Denton: Howard Having MVP Worthy Season

By John Denton
March 2, 2011

ORLANDO – Superstar center Dwight Howard just compiled the best month of his seven-year NBA career, re-igniting his candidacy for the Most Valuable Player award and casting eyes away from the Orlando Magic’s middle-of-the-pack record and onto his gaudy statistics.

But one way in which Howard could almost certainly vault his name to the top of the heap in the MVP race is to outplay his direct competition for the game’s grandest individual award. That starts Thursday night in Miami when Howard’s Magic face LeBron James, Dwyane Wade and the Heat and it concludes Friday night in Orlando against the Chicago Bulls and Derrick Rose.

Rose is considered by many to be the favorite thus far after steadying the Bulls when they were without Carlos Boozer and Joakim Noah and leading Chicago to a 41-17 mark. James, meanwhile, has won the award each of the past two seasons and has the Heat (43-17) just one game back of the best record in the East.

The Magic (39-22) have kept pace with that group because of an incredible stretch of play from their superstar center. On Monday, Howard silenced some of the hype around Carmelo Anthony and Amare Stoudemire by pounding the New York Knicks for 30 points, 16 rebounds and five blocks while also becoming the youngest player in league history to reach 7,000 career rebounds.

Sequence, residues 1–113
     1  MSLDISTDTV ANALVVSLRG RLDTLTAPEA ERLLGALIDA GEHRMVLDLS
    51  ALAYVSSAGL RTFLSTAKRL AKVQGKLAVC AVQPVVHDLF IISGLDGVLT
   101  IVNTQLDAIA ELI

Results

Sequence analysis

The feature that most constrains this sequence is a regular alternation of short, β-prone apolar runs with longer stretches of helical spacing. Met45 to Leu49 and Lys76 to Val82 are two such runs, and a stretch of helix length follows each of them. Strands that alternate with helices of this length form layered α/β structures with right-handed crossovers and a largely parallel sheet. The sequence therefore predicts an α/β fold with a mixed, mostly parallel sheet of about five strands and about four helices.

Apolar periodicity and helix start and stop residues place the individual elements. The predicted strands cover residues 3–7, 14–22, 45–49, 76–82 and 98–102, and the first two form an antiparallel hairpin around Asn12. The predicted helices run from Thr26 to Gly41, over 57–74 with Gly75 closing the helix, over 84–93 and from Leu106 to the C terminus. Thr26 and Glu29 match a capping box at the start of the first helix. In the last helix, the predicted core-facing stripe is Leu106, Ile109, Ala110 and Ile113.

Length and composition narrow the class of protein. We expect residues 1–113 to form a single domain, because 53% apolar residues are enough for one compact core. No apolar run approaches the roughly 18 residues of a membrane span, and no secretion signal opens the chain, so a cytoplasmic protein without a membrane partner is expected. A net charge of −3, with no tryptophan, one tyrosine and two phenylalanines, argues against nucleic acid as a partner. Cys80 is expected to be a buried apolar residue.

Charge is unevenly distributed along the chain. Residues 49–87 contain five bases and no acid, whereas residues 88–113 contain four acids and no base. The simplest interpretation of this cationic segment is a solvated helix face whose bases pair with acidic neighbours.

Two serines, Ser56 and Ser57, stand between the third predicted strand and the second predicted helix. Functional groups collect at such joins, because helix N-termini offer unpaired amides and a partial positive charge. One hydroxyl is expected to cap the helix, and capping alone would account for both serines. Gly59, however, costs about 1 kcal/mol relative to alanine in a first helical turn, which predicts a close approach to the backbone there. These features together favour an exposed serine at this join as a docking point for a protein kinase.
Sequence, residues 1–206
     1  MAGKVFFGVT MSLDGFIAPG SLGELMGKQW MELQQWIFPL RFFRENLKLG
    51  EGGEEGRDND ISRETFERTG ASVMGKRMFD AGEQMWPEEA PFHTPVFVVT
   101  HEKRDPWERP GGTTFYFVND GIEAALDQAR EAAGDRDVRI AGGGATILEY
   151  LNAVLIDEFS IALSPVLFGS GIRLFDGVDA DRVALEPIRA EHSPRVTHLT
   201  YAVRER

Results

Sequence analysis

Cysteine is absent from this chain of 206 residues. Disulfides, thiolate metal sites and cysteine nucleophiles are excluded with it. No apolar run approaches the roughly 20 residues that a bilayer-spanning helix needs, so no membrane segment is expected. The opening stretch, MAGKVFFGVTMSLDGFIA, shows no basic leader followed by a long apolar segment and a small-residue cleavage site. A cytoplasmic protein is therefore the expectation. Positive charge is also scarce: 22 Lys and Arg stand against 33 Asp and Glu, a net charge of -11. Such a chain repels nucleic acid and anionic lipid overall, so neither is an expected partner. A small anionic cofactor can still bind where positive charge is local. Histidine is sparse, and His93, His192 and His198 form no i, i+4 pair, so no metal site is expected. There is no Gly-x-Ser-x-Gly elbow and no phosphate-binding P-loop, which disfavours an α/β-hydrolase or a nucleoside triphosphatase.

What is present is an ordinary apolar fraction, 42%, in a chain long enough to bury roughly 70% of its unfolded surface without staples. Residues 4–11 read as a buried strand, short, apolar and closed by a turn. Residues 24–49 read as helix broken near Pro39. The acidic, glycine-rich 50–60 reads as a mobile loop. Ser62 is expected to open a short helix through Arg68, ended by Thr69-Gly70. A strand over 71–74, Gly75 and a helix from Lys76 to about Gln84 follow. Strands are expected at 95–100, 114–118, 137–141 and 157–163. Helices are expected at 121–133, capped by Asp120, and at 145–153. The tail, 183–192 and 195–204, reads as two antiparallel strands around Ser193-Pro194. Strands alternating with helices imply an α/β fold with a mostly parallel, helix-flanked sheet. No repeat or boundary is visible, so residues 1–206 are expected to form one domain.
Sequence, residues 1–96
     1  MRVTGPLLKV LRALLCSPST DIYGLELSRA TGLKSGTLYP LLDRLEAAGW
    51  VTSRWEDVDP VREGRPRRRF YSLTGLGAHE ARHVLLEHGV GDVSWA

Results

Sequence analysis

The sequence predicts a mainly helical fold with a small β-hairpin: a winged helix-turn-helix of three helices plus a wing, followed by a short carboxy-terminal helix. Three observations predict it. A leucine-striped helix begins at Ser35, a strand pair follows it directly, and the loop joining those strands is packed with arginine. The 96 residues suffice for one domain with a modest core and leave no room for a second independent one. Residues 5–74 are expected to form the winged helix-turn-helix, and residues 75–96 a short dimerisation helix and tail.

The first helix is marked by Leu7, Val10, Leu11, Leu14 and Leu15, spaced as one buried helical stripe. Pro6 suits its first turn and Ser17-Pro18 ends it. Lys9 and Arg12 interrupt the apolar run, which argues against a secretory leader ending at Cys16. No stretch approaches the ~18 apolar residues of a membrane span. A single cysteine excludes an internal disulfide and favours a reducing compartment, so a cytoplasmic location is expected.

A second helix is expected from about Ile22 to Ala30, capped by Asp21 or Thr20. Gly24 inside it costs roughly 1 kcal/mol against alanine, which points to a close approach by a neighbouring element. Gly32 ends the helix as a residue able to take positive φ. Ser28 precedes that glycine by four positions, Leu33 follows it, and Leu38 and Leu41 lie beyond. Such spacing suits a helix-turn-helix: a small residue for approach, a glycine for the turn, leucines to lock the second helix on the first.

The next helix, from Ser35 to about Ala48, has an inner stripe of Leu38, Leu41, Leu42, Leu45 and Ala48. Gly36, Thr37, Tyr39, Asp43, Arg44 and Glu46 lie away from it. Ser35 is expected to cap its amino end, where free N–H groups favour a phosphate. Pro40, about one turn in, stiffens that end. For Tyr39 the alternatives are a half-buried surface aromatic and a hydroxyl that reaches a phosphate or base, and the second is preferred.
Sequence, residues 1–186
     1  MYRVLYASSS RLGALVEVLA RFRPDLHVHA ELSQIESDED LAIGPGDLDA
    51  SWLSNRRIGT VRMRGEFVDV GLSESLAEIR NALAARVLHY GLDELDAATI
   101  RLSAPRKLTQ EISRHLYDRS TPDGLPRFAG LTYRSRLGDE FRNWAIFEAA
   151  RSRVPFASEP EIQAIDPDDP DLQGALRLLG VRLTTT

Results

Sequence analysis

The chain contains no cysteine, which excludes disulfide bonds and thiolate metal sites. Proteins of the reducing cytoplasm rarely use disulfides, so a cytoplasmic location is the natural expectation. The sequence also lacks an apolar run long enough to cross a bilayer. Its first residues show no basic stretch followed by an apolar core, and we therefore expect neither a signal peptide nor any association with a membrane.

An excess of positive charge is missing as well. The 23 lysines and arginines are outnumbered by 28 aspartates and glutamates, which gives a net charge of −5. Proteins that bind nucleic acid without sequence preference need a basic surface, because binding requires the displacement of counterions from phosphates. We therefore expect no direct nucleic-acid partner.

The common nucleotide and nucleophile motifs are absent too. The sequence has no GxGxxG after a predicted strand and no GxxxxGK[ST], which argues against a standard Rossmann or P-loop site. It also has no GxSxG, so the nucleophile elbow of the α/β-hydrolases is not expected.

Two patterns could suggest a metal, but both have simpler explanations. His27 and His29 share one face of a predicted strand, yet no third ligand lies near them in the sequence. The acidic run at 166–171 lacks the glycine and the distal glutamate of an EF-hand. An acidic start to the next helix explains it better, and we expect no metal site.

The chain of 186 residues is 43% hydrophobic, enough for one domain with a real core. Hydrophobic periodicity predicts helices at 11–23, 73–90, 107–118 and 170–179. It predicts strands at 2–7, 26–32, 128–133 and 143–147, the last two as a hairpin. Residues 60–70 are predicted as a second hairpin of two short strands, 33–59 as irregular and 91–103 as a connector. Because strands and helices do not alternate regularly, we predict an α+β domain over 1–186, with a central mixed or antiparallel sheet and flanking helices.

Now, Howard sets his sights on James, Wade and Rose, and if his Magic can win those nationally televised games, he could very well find himself as the league’s top candidate to win the MVP award with fewer than 20 games to play.

``Most of the MVPs are picked before the season starts. That’s how it’s always been,’’ said Howard, who feels his rebounding and defensive work have never gotten enough credit in the MVP voting. ``Everybody knows that to be considered the MVP in this league that you have to be the guy who scores a lot of points. That’s usually how it’s been. The person who averages the most (points) in the NBA, they are the ones who gets MVP consideration. So nobody pays attention to rebounds or blocked shots or defense. It’s all about points.’’

Howard finished fourth in the MVP voting in the 2009-10 and 2008-09 seasons and he was fifth in 2007-08. But he’s improved his chances of winning the award this season by dramatically upgrading his offensive production.

Already the game’s best defender and rebounder, Howard has moved into the Top 10 in scoring (ninth at 23.3 points per game) with a career year offensively. He already has two 40-point efforts and 11 30-point games and nine outings where he’s paired 30 points with at least 15 rebounds.

He’s had at least 20 points and 10 rebounds in 11 straight games, the longest such streak of his career. He’s had double-doubles in 19 consecutive games and he can equal his franchise record of 20 in a row on Thursday in Miami.